These exchanges are where most crypto transactions are done, and should regulators crack down on them, experts expect the price of the underlying tokens to fall. So, a price adjustment would likely follow, and companies would face the costs of compliance, but increased regulation could also restore trust and increase demand, leading to an inflow of investors and higher crypto prices. 

Move towards DEXs

Some experts, such as Ethereum co-founder Vitalik Buterin, believe decentralization is the way forward. 

Centralized exchanges (CEXs) such as FTX and Binance may have made it possible for retail investors without technical knowledge to enter the market, but they also expose investors to the risk of inadequate governance and corruption. 

With decentralized exchanges (DEXs), people make peer-to-peer transactions, retaining control of their own funds. Hayden Adams, the founder of UniSwap, the largest DEX in the world, recently described the FTX collapse as “a good learning moment for the industry”. 

Increased demand for crypto-based ETPs 

Effectively regulating the crypto industry won’t happen overnight. In the meantime, other than DEXs, what options are there for investors who want to gain exposure to cryptocurrencies without such high risks of counterparty or exchange default?

Simon Ullrich, founder and managing director at TTMzero, one of the United Fintech Group’s family of innovative fintech solution providers, says exchange-traded products (ETPs) may hold the answer. 

“More sophisticated and experienced investors often choose to invest in cryptocurrencies indirectly via ETPs, because of the risk mitigation qualities they offer. Rather than expose themselves to the risks associated with cold storage solutions or centralized exchanges, ETP investors can store their exposures to digital assets in regulated systems. But investors have to select the ETP issuers carefully.” 

“Cryptocurrencies aren’t dead after the FTX collapse,” says Simon. “We divide the universe of cryptocurrencies into (a) tokens that allow holders to participate in a specific DeFi project, and (b) plain cryptocurrencies that don’t have any intrinsic value. The prices of instruments in both categories have fallen dramatically during the turmoil in recent weeks.”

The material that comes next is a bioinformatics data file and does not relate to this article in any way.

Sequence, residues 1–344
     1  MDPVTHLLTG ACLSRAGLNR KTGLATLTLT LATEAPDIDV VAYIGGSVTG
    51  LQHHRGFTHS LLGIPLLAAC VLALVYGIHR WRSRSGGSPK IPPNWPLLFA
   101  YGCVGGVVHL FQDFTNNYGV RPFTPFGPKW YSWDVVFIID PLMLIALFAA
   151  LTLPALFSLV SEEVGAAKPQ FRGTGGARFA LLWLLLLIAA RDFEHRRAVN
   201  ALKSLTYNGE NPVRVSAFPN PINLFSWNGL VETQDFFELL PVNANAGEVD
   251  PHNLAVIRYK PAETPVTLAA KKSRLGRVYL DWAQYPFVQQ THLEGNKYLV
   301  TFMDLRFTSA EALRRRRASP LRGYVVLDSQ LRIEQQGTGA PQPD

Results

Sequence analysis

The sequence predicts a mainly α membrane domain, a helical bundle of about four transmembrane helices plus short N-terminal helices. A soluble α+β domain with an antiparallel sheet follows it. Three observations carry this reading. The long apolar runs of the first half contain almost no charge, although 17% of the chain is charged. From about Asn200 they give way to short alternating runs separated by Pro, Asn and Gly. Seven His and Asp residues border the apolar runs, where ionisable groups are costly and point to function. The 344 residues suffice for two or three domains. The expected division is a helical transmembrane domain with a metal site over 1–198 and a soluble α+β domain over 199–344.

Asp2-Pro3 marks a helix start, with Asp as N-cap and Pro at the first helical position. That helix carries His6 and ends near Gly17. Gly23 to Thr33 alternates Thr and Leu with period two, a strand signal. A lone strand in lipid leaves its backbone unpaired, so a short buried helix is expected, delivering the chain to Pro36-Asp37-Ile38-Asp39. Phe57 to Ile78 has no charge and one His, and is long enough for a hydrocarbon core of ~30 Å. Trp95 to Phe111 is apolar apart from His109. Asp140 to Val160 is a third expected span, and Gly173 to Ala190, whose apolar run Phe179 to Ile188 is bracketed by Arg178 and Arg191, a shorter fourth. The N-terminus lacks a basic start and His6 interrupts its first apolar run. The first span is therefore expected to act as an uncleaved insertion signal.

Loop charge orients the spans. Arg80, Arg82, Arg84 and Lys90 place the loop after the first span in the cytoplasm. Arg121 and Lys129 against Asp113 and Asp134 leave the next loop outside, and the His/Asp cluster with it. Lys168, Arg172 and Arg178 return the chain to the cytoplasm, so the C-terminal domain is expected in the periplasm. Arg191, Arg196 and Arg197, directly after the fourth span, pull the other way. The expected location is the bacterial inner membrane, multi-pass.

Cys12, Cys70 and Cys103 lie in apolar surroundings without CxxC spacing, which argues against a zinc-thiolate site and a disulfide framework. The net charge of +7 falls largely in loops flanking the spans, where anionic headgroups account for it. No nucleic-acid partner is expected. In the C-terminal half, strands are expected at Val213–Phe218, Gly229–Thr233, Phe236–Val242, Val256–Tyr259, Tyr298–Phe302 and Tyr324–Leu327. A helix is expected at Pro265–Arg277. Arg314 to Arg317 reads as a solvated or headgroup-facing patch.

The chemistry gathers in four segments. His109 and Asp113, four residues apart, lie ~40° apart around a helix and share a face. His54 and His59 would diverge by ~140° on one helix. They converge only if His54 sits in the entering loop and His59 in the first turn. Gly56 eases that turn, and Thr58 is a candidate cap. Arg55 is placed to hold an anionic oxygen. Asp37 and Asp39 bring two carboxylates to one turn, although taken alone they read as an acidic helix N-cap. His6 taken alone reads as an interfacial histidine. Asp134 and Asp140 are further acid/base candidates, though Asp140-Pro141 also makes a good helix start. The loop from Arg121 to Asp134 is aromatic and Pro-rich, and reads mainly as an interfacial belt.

“However, there are plenty of coins that belong to the category of utility tokens and that represent DeFi projects with the potential to reshape or drastically improve the way transactions in capital markets are executed – including Ether 2.0, Cardano, and Solana.”

“These utility tokens can still be a lucrative investment, because they’re part of technological platforms that have the potential to change the future.”

By investing in these tokens via ETPs or structured products, investors are able to manage investment-level risks, while enjoying the protections of trading on regulated exchanges. It is, however, important to pay attention to the credit risk associated with the ETP issuer.

“Investors in less developed financial markets have no choice but to invest directly in these coins if they want to participate in the performance,” says Simon. “Market participants in developed markets, however, can usually choose between a direct investment into the tokens and an investment into ETPs or structured products linked to the token.” 

“In most developed countries ETPs and structured products are well-regulated financial instruments. This is as true for products linked to traditional assets as it is for products linked to digital assets such as cryptocurrencies and tokens.”

“If the issuer takes regulation seriously, then these products can bring real value.” 

As we learn more about what went on at FTX and see how others in the industry are affected in the coming weeks, we may start to see these trends emerge. However things unfold, we firmly believe that technology will be at the heart of crypto’s evolution. 

Stay ahead of the digital curve

At United Fintech we believe in the power of technology to disrupt and transform sectors. Progress sometimes brings growing pains, but in technology lies the answer too. 

Our mission is to bring the best FinTech and RegTech tools, products, and solutions together all in one place to help players in the financial sector stay ahead of the digital transformation curve.

We are covering this topic here in a webinar with our partner company, TTMzero, where industry experts will discuss how investors can participate in the performance of blockchain technologies without being exposed to FTX-like risks.

The TTMzero platform makes it possible for ETP issuers to automate their processes for security issuances, lifecycle management, and regulatory documentation, reporting, and filing. Learn more about TTMzero’s Financial Instruments Automation Platform and other tools here, or find more insights and resources here.